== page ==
Astroblastoma (AB) is one of the rarest tumors of the central nervous system (CNS), with a reported incidence between 0.45 and 2.8% of all primary brain tumors (Navarro et al., 2005). It mostly occurs in infants and young adults, but can be observed also in adulthood (Fu et al., 2013; Merfeld et al., 2018). On imaging studies, the tumor generally appears as a well-circumscribed mass located in the cerebral hemisphere, with heterogeneous contrast-enhancement and, occasionally, cystic areas (Shin et al., 2018).
According to the World Health Organization (WHO), the diagnosis currently rests on the identification of a characteristic morphological pattern of growth, the so called “astroblastic pseudorosettes”: a perivascular distribution of elongated cells containing abundant eosinophilic cytoplasm with a prominent process extending to central hyalinized vessels. Despite such peculiar histopathological characteristics, diagnosis may be challenging, and prognosis is difficult to be accurately estimated. Indeed, the 2016 WHO Classification describes this entity as “other gliomas,” without assignment of any numeric grade, due to its rarity and uncertain clinical behavior (Louis et al., 2016).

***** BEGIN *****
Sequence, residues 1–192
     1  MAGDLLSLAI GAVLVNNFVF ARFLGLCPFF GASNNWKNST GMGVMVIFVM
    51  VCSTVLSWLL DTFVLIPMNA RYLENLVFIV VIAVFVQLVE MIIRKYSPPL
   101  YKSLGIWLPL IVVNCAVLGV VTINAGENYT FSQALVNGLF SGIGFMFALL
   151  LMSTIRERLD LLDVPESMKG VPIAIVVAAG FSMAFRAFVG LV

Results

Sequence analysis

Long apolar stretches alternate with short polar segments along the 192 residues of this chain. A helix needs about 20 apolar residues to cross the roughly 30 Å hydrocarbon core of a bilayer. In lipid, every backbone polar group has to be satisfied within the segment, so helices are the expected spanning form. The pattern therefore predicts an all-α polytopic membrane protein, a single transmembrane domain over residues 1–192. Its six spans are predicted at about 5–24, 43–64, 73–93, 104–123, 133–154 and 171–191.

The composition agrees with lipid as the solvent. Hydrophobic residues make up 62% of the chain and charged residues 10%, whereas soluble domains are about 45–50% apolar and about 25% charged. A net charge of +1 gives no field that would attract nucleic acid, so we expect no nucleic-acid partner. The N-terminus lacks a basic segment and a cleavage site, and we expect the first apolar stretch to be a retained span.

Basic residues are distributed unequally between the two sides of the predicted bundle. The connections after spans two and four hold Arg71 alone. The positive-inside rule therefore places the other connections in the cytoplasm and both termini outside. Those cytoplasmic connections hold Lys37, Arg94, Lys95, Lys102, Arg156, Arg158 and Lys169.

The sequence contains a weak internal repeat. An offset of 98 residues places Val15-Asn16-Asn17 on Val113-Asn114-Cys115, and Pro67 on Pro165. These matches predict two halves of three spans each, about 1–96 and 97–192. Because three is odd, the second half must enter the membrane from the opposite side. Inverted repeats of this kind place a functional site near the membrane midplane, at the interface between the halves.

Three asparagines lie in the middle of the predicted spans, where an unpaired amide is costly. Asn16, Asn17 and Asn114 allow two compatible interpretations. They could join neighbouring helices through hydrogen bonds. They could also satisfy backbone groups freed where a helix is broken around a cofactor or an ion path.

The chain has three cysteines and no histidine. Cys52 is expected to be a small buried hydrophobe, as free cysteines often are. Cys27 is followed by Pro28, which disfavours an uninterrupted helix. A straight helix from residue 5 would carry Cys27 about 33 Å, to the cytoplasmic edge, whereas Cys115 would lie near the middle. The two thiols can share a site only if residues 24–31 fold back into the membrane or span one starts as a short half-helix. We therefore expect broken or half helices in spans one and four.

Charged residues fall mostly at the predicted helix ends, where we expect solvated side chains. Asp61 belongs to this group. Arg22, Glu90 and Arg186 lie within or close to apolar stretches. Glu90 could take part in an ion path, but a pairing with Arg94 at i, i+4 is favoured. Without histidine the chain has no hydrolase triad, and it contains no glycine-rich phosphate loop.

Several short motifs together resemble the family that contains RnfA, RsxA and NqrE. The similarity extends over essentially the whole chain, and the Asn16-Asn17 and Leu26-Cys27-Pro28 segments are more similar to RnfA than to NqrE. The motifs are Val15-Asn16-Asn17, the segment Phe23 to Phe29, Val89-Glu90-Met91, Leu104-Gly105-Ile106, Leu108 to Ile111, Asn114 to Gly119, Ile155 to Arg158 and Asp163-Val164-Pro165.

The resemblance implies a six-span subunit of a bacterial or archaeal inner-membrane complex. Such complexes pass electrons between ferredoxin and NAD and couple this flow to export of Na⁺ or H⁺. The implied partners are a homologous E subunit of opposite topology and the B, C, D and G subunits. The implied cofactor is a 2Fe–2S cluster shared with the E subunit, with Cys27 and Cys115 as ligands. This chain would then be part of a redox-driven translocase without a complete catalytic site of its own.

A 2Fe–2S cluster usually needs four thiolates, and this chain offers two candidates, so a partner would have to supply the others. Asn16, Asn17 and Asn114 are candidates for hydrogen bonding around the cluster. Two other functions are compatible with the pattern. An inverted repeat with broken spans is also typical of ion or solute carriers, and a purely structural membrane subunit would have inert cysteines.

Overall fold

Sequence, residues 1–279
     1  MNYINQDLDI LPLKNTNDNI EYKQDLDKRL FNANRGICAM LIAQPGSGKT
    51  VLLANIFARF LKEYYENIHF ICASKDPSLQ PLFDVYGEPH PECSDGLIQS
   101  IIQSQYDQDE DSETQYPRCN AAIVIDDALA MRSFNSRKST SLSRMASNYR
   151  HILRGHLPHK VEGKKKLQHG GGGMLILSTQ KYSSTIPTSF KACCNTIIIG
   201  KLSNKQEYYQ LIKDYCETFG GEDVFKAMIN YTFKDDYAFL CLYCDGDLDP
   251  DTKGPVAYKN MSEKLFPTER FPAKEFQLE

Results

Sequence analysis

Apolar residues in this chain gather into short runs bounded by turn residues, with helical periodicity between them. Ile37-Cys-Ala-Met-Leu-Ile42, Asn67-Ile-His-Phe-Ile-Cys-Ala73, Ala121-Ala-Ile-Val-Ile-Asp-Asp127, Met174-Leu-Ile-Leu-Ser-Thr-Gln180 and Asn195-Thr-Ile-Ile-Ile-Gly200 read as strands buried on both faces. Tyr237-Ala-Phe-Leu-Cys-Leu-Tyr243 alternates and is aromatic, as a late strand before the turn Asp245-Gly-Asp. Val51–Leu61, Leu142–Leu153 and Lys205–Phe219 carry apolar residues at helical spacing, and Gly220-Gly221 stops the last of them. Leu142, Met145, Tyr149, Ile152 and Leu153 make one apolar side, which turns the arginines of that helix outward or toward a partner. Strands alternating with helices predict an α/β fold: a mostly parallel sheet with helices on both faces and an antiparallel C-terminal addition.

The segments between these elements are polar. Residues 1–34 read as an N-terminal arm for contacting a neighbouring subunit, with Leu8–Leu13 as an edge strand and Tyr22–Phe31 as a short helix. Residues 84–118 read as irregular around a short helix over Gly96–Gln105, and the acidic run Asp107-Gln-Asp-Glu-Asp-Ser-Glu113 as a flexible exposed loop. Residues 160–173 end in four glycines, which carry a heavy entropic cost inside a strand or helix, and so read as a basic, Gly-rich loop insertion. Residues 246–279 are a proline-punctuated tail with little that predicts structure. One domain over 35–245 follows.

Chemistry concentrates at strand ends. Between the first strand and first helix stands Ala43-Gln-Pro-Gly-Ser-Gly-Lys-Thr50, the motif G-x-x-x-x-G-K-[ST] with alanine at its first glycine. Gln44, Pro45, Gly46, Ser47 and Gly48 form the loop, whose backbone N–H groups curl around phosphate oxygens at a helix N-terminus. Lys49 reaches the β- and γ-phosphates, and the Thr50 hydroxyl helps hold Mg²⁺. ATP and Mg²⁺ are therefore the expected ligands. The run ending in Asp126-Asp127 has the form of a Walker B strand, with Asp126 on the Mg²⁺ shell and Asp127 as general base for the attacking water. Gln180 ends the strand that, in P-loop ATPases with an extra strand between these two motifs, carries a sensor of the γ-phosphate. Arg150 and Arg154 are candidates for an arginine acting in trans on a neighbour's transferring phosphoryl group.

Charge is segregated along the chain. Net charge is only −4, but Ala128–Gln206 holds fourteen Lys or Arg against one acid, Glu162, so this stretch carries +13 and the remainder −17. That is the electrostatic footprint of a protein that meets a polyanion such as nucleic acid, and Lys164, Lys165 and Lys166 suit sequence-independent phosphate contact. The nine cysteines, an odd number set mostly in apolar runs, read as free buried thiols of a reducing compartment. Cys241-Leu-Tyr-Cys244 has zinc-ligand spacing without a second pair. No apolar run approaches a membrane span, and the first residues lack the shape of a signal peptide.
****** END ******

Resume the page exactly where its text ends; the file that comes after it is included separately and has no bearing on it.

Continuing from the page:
Modern molecular approaches are allowing a deeper characterization of AB. Approximately one-third of these tumors harbor the V600E substitution in BRAF, like other primarily cortically based, circumscribed gliomas (Lehman et al., 2017). Mutations in isocitrate dehydrogenase (IDH) are absent, and no other recurrent mutations have been reported (Fu et al., 2013; Bale et al., 2016; Hirose et al., 2018).
In recent years, DNA methylation profiling has been shown to be a highly robust and reproducible approach for the classification of CNS tumors across age groups (Capper et al., 2018). This technique exploits the notion that the cancer methylome is a combination of both somatically acquired DNA methylation changes and characteristics that reflect both cell of origin and events contributing to transformation (Capper et al., 2018).